“The Cassini spacecraft has actually taken a taste of those plumes with a mass spectrometer and figured out that the material is water, but it’s also got some carbon dioxide, some methane and some organic compounds in it. And, there’s even some salts in that plume material,” Hand said. “The salts and the organics and the other materials that are in those jets, really serve as a smoking gun for this subsurface sea.”

Ultimately, scientists are eager to shift from studying the worlds’ chemical and geological composition to answering the bigger question.

“Of course, what we want to do with a future mission, is actually detect life,” Hand said. He showed an animated video depicting how an imagined spacecraft could someday land on Europa’s surface and deploy a melt probe using heat to drill down through the thick layers of ice to reach the ocean below. There, an autonomous underwater vehicle could swim to the ocean floor in search of hydrothermal vents and the creatures that might live there.

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“We’re a long ways off from there, but we are taking some baby steps toward that,” Hand said.

Landing on the surface of these worlds may not be the next step in exploration. Using remote sensing techniques, NASA may be able to search for life with an orbiting spacecraft.

Many established remote sensing technologies measure factors related to photosynthesis. Presumably, those won’t be useful at Europa, so scientists are working on techniques that will help them search for a different set of chemical signatures or life signs. A device called the Multi Channel Spectrometer for Europa or MUSE is being built to do just that.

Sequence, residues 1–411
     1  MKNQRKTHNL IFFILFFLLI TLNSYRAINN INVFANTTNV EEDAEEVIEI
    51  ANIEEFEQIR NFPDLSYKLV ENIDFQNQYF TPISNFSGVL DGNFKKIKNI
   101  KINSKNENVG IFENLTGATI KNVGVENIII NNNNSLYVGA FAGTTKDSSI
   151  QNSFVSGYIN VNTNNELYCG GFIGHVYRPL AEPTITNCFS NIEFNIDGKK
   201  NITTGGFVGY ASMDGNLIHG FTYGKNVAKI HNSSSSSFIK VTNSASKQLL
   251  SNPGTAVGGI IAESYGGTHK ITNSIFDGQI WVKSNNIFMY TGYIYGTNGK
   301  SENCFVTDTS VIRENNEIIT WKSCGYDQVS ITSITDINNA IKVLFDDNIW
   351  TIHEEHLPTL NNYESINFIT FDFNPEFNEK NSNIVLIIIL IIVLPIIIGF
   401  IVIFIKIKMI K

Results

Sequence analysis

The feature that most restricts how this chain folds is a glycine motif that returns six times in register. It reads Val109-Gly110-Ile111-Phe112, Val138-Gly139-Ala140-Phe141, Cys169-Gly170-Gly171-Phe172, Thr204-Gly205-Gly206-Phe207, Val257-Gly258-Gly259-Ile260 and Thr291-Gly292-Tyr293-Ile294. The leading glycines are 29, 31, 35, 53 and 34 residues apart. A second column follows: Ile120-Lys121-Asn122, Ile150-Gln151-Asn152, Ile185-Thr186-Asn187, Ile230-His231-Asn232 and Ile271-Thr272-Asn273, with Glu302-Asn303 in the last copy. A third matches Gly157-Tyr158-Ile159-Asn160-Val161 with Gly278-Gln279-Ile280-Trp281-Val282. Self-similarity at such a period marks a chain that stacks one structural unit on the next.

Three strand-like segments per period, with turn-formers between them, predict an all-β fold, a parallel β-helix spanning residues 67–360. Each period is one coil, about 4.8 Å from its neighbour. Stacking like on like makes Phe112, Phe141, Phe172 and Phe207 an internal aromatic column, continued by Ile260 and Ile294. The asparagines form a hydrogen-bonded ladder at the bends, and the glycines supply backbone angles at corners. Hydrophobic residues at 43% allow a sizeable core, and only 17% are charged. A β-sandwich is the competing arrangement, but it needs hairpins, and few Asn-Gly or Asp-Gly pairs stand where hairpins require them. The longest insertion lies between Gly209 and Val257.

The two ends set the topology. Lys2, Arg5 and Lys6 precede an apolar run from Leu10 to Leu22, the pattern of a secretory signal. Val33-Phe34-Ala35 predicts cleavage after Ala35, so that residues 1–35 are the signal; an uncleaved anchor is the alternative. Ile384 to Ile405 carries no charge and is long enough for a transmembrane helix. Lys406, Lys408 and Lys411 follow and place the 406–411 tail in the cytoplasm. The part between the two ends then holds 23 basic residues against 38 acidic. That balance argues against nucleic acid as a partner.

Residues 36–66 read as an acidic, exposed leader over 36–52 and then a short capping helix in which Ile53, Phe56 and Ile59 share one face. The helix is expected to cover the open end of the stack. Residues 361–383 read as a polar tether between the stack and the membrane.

As for Enceladus, NASA continues to study and interpret the wealth of data gathered by Cassini.

Cassini is now in what Hand calls its “extended-extended mission,” meaning its twilight years. It will continue to orbit Saturn and harvest data until 2017. After making several more flybys of the Enceladus and its sister moon, Titan, the probe will prepare for its final assignment.

“The Cassini spacecraft will have a spectacular finale,” Hand said. In its final orbits, it will dive between Saturn’s rings, taking pictures and readings all the way.

“Eventually, on the last orbit the Cassini spacecraft will plunge into Saturn’s atmosphere and go to a stormy death within Saturn. So, stay tuned for that. It’s going to be a wonderful few years.”

Sam McDonald
NASA Langley Research Center

Kevin P. Hand of NASA's Jet Propulsion Laboratory says plumes of water seen shooting from the surface of Enceladus, a moon of Saturn, indicate a sub-surface ocean.
Kevin P. Hand of NASA's Jet Propulsion Laboratory says plumes of water seen shooting from the surface of Enceladus, a moon of Saturn, indicate a sub-surface ocean.
Image Credit: 
NASA/David C. Bowman
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Kevin P. Hand, deputy chief scientists for solar system exploration for NASA's Jet Propulsion Laboratory in Pasadena, Calif.
Kevin P. Hand is deputy chief scientists for solar system exploration for NASA's Jet Propulsion Laboratory in Pasadena, Calif. He researches the origin, evolution, and distribution of life in the solar system with emphasis on moons of the outer solar system that likely have liquid water oceans.
Image Credit: 
NASA/David C. Bowman
Image Token: 
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This is an artist's conception depicting the surface of Jupiter's moon Europa.
This image is an artist's conception depicting the surface of Jupiter's moon Europa.
Image Credit: 
NASA
Image Token: 
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Page Last Updated: November 13th, 2014
Page Editor: Samuel McDonald